Category Archives: AjSharp

First Ideas for a Claim Rule Engine

I am looking for applications of my scripting languages. I want to use AjLang, the core of AjSharp, written in C#. One use case could be a claim rule engine. To understand what I have in mind, and the federated security jargon/landscape, see:

The Role of the Claims Engine
The Role of the Claim Rule Language
The Role of Claim Rules
The Role of the Claims Pipeline
The Role of Claims

Given a set of input claims, the system should produce a set of output claims, using user defined rules. A rule could be written as:

rule RuleEmail
   description “….”
   claim cmail
   cmail in InputClaims
   cmail.Type == “email” 
   claim cname = new Claim(…. )
   // more cname processing, maybe extracting a value from email
end rule

Something like my example at but more oriented to C# syntax (i.e. the use of native .EndsWith in the above example)

If I had omitted cmail in InputClaims, the claim will be searched in all claim sets.

Additional item: to have a web interface to edit and browse rules.

The rules would be executed in order. I could write rule sets, to group rules to be executed. For example: Identity Provider rule set, to be applied to the claim set provider by an IP, i.e. Windows Live, Yahoo, etc. Or a Relying Party rule set, defined by application: accounting system, human resource system, finance, etc..

In the “then” part, additional functions could be call. The functions would be added by the developer to the rule engine environment, maybe with dynamic loading of a library. Then, the actions will be extensible by code. The “when” part could use additional predicates, too. But the base idea is to have an initial set of predicates and actions that cover the main use cases: testing property values, creating new claims, setting their property values, adding to a claim set (InputClaims, OutputClaims or any other set defined by the programmer).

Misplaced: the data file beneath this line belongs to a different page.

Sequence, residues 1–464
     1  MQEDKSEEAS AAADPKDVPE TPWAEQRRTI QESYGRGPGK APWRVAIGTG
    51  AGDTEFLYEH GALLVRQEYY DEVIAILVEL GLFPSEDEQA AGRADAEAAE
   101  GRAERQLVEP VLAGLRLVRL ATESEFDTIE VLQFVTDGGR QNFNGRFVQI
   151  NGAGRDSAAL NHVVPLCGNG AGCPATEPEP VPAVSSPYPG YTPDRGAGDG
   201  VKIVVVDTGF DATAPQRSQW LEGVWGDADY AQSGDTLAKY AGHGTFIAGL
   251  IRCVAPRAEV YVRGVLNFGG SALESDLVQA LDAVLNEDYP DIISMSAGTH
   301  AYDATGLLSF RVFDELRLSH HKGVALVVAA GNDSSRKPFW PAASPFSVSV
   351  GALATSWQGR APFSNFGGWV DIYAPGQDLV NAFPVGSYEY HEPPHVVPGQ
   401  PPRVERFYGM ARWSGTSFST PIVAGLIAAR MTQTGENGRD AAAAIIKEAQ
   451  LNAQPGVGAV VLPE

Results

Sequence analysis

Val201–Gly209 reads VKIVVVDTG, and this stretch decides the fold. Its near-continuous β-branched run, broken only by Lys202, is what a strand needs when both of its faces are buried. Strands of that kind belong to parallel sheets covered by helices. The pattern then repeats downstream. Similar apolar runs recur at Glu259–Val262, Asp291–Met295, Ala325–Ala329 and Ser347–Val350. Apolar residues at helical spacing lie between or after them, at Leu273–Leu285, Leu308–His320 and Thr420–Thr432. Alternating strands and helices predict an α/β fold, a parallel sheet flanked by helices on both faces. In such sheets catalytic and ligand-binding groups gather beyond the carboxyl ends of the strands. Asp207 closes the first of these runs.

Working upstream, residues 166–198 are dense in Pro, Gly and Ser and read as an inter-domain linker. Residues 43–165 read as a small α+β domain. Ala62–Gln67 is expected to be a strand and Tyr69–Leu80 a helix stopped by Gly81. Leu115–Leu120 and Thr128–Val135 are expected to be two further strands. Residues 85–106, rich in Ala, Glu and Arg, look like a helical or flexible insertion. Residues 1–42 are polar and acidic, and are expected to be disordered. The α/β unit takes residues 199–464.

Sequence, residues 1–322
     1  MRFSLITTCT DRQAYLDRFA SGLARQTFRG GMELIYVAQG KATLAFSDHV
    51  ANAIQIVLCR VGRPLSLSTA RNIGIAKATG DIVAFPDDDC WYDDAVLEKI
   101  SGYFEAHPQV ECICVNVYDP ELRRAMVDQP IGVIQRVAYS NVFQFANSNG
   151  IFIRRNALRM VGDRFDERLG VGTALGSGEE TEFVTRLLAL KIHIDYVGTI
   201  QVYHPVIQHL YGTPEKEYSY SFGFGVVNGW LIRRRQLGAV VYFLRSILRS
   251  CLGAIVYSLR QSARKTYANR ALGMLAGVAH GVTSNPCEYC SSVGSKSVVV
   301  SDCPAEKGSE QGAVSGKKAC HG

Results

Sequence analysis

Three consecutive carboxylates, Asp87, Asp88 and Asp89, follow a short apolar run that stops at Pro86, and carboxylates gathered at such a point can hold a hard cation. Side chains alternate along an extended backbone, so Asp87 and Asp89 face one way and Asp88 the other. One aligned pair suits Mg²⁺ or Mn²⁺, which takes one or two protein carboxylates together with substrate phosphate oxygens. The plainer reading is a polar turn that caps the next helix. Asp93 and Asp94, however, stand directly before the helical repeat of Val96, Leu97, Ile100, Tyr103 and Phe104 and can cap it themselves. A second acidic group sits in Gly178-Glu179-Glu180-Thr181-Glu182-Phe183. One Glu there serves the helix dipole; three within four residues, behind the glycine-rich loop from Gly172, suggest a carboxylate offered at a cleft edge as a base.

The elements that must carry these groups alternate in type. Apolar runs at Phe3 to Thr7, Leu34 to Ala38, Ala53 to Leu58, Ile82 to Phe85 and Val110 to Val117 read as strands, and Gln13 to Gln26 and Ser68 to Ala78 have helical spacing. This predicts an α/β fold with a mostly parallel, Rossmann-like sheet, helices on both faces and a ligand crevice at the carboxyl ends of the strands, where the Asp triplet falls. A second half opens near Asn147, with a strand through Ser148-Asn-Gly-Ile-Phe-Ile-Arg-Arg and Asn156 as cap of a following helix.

One thing to decide: what happens if there are TWO or more claims that satisfy then when clause? the rule should fire only once? or n times? I remember the cut operator from Prolog, but I guess it could be simpler. I should explore the use cases.

No time allocated for these ideas, yet. But keep tuned!

Angel “Java” Lopez

Running AjSharp in Azure

My weekend code kata was something I was thinking since last year: run AjSharp in Azure Worker Roles. The idea is: a worker role instance can receives text via queue messages containing AjSharp code, and execute it. The output is send as a message to other queue.

The result was committed in my AjCodeKata project: you must download trunk\Azure\AzureAjSharp AND trunk\AjLanguage (where AjSharp projects reside).

The solution:

The projects:

AzureAjSharp.WorkerRole: sample worker role, with these lines added:

CloudStorageAccount account = CloudStorageAccount.FromConfigurationSetting("DataConnectionString");
Processor processor = new Processor(account);